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You can sprout wheat and keep cutting off the wheat grass for salad.
I am pretty sure I tried wheat sprouts last winter and was less than pleased with the results. Although fresh greens may become very welcome when living off stored foods in the winter.

I also routinely sprout wheat for fodder for my rabbits in winter and for malting as the beginning process of making malt syrup.

Even if I don't care for your ideas they are all good ideas and I appreciate them. Keep them coming.
 

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I am pretty sure I tried wheat sprouts last winter and was less than pleased with the results. Although fresh greens may become very welcome when living off stored foods in the winter.

I also routinely sprout wheat for fodder for my rabbits in winter and for malting as the beginning process of making malt syrup.

Even if I don't care for your ideas they are all good ideas and I appreciate them. Keep them coming.
Sprouts of almost any have way more nutrition than the original seed. There are places in Utah where you can order a 6 gallon bucket of misc seeds. 15 year ago I got a bucket and gave two away. We are almost finished with ours. Every year or so, I would pour them into another bucket and back to aerate them as the company said. I may sound like a whiz in all this but for many years I was in the Mormon Church and went to lots of meetings, mostly women, on sprouting, herbology, and general food storage.
 

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Discussion Starter #11
Sprouts of almost any have way more nutrition than the original seed. There are places in Utah where you can order a 6 gallon bucket of misc seeds. 15 year ago I got a bucket and gave two away. We are almost finished with ours. Every year or so, I would pour them into another bucket and back to aerate them as the company said. I may sound like a whiz in all this but for many years I was in the Mormon Church and went to lots of meetings, mostly women, on sprouting, herbology, and general food storage.
I am a fan of sprouts just not wheat, rye or barley sprouts. I like corn sprouts but from what I have read they my have some toxins in them and I think bean sprouts could be a very good addition to a stored food diet. A few years ago I bought a pound of alfalfa sprout seeds. In a very short amount I time we used up all but a few ounces of them.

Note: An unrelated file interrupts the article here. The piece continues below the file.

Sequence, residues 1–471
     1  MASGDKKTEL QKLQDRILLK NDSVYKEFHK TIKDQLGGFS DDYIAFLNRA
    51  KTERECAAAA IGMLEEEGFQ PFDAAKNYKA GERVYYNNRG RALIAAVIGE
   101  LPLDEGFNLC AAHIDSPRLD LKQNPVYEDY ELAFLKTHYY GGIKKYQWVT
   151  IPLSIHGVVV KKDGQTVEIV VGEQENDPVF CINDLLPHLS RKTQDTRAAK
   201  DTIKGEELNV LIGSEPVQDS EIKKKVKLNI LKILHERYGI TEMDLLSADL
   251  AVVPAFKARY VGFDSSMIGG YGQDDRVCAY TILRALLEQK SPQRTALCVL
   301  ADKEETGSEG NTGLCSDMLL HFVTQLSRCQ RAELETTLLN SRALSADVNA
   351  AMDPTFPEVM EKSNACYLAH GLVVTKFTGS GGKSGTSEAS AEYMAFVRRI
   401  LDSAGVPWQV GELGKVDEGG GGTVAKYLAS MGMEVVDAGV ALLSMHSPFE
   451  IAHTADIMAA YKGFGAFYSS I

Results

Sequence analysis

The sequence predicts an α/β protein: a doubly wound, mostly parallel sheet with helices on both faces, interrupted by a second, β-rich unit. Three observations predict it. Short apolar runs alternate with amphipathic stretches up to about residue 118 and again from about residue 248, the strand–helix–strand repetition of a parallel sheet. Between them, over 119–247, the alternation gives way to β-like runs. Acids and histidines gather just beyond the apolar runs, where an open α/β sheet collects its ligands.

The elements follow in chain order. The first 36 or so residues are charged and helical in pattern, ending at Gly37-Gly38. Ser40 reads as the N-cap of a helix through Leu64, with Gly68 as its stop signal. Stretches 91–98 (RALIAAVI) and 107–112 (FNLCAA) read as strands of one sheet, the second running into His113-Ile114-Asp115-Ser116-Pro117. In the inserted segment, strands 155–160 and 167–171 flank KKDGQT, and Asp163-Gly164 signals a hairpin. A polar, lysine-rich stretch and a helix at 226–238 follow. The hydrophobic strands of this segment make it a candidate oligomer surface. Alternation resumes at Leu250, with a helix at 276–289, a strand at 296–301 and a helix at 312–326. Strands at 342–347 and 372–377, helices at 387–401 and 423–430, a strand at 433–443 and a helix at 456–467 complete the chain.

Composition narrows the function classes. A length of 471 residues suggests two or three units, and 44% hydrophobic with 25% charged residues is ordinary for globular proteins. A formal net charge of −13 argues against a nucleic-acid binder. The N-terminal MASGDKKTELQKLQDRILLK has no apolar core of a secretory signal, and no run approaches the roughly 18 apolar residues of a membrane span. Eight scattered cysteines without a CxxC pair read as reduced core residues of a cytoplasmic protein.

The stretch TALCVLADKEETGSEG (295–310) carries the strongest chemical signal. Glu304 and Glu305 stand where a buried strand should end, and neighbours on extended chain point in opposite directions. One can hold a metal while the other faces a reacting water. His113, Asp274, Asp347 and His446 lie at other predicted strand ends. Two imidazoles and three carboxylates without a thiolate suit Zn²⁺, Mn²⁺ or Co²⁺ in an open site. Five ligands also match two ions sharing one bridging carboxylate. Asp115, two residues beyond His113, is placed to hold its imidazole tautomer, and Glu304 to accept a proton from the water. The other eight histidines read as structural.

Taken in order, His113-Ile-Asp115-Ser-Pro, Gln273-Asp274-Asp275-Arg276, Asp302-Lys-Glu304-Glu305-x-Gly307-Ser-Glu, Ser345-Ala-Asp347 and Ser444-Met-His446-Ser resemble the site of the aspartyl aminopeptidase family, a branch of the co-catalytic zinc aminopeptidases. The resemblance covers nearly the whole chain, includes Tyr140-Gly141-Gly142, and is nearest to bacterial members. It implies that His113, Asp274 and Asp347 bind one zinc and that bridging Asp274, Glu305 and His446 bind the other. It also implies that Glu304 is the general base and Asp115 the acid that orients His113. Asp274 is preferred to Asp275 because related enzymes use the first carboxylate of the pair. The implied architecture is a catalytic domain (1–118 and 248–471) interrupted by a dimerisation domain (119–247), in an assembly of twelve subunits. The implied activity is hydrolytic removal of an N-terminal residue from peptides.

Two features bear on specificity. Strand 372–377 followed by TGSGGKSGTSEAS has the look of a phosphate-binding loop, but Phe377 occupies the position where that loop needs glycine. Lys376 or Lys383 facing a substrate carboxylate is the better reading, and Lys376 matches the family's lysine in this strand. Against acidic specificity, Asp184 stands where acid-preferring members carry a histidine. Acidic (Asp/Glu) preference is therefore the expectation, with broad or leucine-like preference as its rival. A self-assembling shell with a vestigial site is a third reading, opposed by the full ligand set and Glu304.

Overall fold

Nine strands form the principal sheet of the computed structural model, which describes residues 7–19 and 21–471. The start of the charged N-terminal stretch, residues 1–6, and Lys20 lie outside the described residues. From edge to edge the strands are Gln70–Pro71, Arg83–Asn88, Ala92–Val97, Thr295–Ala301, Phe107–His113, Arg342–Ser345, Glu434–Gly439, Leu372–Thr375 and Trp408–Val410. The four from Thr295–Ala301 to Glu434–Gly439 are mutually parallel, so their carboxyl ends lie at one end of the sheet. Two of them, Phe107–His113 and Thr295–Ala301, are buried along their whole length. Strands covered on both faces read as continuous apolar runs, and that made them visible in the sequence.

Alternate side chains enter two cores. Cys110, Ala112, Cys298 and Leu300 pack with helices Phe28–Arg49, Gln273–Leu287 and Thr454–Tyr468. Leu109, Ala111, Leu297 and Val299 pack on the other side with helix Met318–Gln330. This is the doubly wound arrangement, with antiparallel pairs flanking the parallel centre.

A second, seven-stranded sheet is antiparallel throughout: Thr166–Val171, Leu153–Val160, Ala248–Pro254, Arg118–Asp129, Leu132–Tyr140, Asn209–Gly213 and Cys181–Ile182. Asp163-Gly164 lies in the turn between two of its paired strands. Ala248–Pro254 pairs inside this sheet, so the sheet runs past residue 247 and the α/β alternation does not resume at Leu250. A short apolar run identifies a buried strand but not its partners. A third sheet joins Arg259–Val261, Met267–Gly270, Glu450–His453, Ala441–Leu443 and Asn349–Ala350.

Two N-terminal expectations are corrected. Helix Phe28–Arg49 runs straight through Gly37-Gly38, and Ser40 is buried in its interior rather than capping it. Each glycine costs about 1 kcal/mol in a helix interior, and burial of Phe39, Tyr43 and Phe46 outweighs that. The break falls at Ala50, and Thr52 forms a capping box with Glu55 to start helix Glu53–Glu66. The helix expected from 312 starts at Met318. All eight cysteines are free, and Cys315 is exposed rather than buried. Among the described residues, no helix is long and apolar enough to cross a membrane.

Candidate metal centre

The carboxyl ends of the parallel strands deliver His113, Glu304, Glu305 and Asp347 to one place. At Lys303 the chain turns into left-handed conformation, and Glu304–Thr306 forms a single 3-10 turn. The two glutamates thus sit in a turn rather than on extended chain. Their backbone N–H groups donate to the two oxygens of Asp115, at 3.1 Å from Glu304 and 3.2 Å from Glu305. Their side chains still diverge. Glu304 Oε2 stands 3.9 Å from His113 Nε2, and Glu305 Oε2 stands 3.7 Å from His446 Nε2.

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Buy an electric impact grinder and you can make six cups of ultra fine flour in about 5 minutes.
Then capture some sour dough yeast and enjoy some of the best tasting bread in the world.
 

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Fella on another board, probably AR15.com would put them in a thermos with hot water overnight. Then eat porridge in the morning.
 

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I think I will check my local library to see if it has any of Esther Dlckey's books. My interest is piqued but I don't want to buy any more books.

I had a friend that used buckwheat groats as a meat substitute in some recipes but buckwheat is not really a grain.
 

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If your family didn’t like the whole wheat bread, you ought to try hard white wheat- it’s closer to commercial wheat bread. Of soft white wheat for biscuits.

Doesn’t answer you question, but I wanted to point it out. I use a lot of quinoa for stored grain, not cheap, but I love the flavor, and it is normally eaten whole.
 

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About once a month a grind up pre-GMO wheat, spelt, kamut (ancient wheat), rye, quinoa, millet, buckwheat,barley, oat groats. Gives me about 1.5 gallons. I can add dried apples, craisins, and canned plums, to some flour, adding powdered milk:taped::taped: and yogurt, as I did yesterday, and make a good porridge. I often make waffles, or pancakes on a grill, but when I make these, I add ground up flax, sunflower seeds, pumpkin seeds, coconut, sesame seeds. I also add chia seeds, wheat germ, and wheat bran, plug powdered milk and powdered or fresh eggs. Can add cheese poder to

Also with the flour you can have dumplings and beans and dumplings with fruit. To the bean dumplings, add cheese powder and add honey to the fruit dumplings. You can feed a lot of people with either mix and people will love you for it.

With a 2-quart pressure cooker and a cop of wheat in several cups of water, you can have cooked wheat berries pretty fast. With this you can add to meat to extend the meal. Or you can use vegetable plus the cooked berries plus a lot of garlic and beef bouillon. Is gear in making chili beans--lots of spices and cheese powder.

Esther ****ey's book, "Passport to Survival" was like a Mormon cooking bible in the early 70's. It can be found on E-bay or Amazon.
 

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grow...

wheat berries grow so easily. Eat the grass for nutrition. My family is gluten-sensitive, so having invested so much in berries before knowing this, I'm glad to have found a solution.